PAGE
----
Working with Dalhousie
Dalhousie Research Collaboration
Transitioning to a low carbon economy is a challenge we all face and its better to face it with partners, especially scientists from a local University.
Lafarge’s transition to lower carbon energy has benefited greatly in recent years from collaborative work with Dalhousie University researcher Dr. Mark Gibson. Dr. Gibson has had an abiding interest in the nexus between carbon emissions and re-use and re-purpose solutions for expired goods. Working under a 5-year NSERC Discovery Grant, starting in 2015, Dr.Gibson and his student team have been investigating the re-purposing of plastics, scrap tires, and other materials as fuel in cement kilns and to use satellites to track emissions changes in kiln across North America when using alternative fuels. This earlier work included literature reviews and lab testing. This continuing partnership between Lafarge Canada Inc. and Dalhousie’s Faculty of Engineering will underly the testing of tire derived fuel as a low carbon fuel alternative in the cement industry at the Lafarge Brookfield cement plant.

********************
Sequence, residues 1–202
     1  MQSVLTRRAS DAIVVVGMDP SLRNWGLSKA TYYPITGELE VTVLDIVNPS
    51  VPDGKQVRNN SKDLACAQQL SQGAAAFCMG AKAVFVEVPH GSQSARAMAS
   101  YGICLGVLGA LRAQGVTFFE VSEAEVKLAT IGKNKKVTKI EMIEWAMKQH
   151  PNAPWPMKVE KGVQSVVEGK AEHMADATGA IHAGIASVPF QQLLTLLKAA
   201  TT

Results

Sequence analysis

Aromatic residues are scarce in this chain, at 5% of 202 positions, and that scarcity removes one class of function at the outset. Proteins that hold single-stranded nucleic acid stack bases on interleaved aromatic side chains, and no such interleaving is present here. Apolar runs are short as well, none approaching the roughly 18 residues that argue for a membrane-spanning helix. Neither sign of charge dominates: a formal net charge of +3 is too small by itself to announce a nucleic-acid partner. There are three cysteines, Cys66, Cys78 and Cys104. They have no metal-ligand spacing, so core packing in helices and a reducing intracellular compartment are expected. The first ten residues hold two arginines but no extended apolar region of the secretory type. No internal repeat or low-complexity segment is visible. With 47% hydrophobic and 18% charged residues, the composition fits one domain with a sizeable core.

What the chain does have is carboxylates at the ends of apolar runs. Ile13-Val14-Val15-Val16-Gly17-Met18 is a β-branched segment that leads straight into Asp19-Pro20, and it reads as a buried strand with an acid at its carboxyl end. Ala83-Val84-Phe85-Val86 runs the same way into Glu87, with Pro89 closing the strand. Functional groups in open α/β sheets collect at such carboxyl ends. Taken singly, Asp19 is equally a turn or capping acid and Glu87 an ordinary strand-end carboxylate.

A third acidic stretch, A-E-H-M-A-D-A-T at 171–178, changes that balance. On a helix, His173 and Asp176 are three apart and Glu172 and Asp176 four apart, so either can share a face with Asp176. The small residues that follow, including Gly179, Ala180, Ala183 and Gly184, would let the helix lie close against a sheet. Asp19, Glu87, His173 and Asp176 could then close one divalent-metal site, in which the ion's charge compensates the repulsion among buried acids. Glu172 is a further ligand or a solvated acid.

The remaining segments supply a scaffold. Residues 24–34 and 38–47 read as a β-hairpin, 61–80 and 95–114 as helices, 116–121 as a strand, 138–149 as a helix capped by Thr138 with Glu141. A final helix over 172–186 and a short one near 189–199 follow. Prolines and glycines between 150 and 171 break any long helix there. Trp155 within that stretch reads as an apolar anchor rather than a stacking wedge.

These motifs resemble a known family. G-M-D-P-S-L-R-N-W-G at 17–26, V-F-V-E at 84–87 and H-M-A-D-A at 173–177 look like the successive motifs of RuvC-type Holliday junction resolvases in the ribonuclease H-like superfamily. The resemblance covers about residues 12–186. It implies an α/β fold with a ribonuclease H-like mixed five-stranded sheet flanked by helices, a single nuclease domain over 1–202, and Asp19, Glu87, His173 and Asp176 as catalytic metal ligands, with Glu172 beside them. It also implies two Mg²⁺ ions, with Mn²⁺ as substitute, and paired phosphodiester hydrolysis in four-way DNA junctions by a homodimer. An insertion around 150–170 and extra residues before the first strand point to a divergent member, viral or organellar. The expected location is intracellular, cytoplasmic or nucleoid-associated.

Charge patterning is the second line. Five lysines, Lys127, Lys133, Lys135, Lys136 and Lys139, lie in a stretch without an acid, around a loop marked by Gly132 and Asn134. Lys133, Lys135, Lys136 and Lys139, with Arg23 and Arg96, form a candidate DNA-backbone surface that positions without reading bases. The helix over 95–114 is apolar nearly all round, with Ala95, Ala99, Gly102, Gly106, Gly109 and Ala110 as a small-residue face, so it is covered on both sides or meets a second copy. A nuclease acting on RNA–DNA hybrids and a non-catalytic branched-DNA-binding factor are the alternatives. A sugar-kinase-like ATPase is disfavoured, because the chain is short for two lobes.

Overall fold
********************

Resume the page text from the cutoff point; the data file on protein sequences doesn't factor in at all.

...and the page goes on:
Recent laboratory studies conducted by Dr. Mark Gibson, Associate Professor in Dalhousie University’s Department of Civil and Resource Engineering and his colleagues in Process Engineering and Applied Science, Dr. Michael Pegg and PhD student, Ebenezer Asamany, show that tire derived fuel has the potential to lower CO2 emissions compared with coal derived fuel when co-fired in cement kilns – and with beneficial or benign effects on other emissions.
In 2015, Dr. Gibson and his team published a report entitled Use of scrap tires as an alternative fuel source at the Lafarge cement kiln, Brookfield, Nova Scotia.